Re: The Soviet Union: What Kind of Mistake Was It?
« Reply #201 on: October 24, 2006, 12:12:43 AM »

It is alarming to know that HIV has a foothold of death over a vast area of Siberia today. I know that prostitution and drug abuse was at an alarming rate, but not to the degree that it is taking lives. Was any indication of global health assurance and support offered to the region ? Anything stated of United Nations health support ?


They interviewed someone from the World Health Org.  From what I watched, the authorities in Russia are hampering efforts to deal with the problem because they don't want to admit how bad it is.

The biggest problem appears to be lack of understanding that shared needles spread HIV.

Offline Elisabeth

  • Velikye Knyaz
  • ****
  • Posts: 2131
    • View Profile
Re: The Soviet Union: What Kind of Mistake Was It?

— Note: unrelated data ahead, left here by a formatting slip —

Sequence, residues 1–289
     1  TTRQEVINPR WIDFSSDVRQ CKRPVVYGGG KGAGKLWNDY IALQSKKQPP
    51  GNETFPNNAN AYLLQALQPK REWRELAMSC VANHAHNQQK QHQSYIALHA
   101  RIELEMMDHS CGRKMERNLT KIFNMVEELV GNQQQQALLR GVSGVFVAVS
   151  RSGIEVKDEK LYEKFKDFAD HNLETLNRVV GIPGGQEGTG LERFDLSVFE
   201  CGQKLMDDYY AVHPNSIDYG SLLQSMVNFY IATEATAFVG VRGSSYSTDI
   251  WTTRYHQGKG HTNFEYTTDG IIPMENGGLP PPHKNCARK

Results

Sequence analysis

« Reply #202 on: October 24, 2006, 09:50:40 AM »
The program talks about the Kolyma -- a remote region of Siberia which was populated by slaves.  Millions died, apparently, mining gold in horrific conditions.  According to calculations made at the time, the cost was one life per gram of gold mined. 

If you're interested in reading about the Kolyma concentration camps, you might want to look up Varlam Shalamov's famous Kolyma Tales. Shalamov was first arrested in 1929, when only 22 years old, and sent to the Solovki concentration camp. He was arrested again in 1937 and sent to Kolyma. His collection of short stories is based on the time he spent there. These stories are brilliant, very spare and terse in style, and incredibly disturbing. The one that always sticks out in my mind is "Lend-Lease," where the Kolyma camp authorities are presented with a bulldozer from the United States, and the first job they use it for is to dig a mass grave.